Atmospheric blocking represents an important feature for mid-latitude regional climate. During a blocking situation, the large-scale zonal flow is impeded and meridional anomalies occur at upper levels. Blocking not only influences mid-latitude mean climate but also extreme events, such as heat waves and droughts. However, despite its importance, our understanding of the factors that affect intensity and frequency of atmospheric blocking and the exact physical mechanism behind these modulations is still limited, especially in the Southern Hemisphere. Furthermore, marked biases exist in the representation of blocking in climate models, but only a few modeling studies address specific factors for their potential in modulating blocking in the Southern Hemisphere.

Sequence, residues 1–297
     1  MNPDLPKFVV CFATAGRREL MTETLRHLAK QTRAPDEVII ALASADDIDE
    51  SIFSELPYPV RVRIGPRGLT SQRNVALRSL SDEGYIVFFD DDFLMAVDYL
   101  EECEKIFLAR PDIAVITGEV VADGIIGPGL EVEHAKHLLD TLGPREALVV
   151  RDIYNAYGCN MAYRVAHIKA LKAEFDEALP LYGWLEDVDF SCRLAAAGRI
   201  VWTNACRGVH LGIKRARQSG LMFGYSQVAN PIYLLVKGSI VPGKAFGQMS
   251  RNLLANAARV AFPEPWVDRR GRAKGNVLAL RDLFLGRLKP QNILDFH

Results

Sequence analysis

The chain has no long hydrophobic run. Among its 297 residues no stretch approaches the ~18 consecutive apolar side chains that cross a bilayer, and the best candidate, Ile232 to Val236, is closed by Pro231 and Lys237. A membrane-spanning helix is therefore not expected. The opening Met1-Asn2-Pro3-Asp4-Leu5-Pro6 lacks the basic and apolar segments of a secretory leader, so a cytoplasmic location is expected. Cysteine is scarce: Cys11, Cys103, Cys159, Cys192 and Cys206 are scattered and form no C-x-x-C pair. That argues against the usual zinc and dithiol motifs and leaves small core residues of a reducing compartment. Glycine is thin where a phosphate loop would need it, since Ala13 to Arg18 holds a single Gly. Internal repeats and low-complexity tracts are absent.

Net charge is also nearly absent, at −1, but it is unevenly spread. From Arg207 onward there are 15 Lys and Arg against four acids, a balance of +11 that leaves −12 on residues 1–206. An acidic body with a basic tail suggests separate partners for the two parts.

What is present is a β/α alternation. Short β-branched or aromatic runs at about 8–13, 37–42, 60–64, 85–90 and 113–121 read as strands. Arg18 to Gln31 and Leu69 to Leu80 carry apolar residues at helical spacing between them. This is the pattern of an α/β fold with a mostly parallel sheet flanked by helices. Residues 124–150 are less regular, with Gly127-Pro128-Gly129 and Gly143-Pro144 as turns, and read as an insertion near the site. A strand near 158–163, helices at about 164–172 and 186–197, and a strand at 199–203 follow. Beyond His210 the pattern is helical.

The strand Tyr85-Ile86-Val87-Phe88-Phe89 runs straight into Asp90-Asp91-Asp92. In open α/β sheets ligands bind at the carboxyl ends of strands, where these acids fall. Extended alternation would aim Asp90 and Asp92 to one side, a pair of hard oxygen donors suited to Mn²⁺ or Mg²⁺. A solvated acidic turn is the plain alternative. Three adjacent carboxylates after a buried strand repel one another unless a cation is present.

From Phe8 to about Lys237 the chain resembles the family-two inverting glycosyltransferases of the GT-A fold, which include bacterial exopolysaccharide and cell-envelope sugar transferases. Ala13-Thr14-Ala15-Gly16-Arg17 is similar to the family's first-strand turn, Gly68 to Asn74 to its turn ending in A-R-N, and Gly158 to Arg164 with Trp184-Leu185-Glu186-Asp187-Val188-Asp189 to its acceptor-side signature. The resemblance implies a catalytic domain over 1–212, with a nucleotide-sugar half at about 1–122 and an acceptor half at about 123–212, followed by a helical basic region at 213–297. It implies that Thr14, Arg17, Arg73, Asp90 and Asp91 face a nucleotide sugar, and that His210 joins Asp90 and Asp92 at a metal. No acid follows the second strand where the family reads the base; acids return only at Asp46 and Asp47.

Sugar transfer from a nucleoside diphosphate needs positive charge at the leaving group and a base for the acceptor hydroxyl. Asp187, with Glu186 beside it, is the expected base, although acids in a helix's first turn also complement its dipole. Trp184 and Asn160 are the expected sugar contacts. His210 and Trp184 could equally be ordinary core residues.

Characteristics of atmospheric blocking in the SH are explored in atmospheric general circulation model (AGCM) simulations, with a particular focus on the Australia–New Zealand sector. Preferred locations of blocking in SH observations and the associated seasonal cycle are well represented in the AGCM simulations, but the observed magnitude of blocking is underestimated throughout the year, particularly in late winter and spring. This is related to overly zonal flow due to an enhanced meridional pressure gradient in the model, which results in a decreased amplitude of the longwave trough/ridge pattern. A range of AGCM sensitivity experiments explores the effect on SH blocking of tropical heating, midlatitude sea surface temperatures, and land–sea temperature gradients created over the Australian continent during austral winter. The combined effects of tropical heating and extratropical temperature gradients are further explored in a configuration that is favorable for blocking in the Australia–New Zealand sector with warm SST anomalies to the north of Australia, cold to the southwest of Australia, warm to the southeast, and cool Australian land temperatures. The blocking-favorable configuration indicates a significant strengthening of the subtropical jet and a reduction in mid-latitude flow, which results from changes in the thermal wind. While these overall changes in mean climate, predominantly forced by the tropical heating, enhance blocking activity, the magnitude of atmospheric blocking compared to observations is still underestimated. The blocking-unfavorable configuration with surface forcing anomalies of opposite sign results in a weakening subtropical jet, enhanced midlatitude flow, and significantly reduced blocking.
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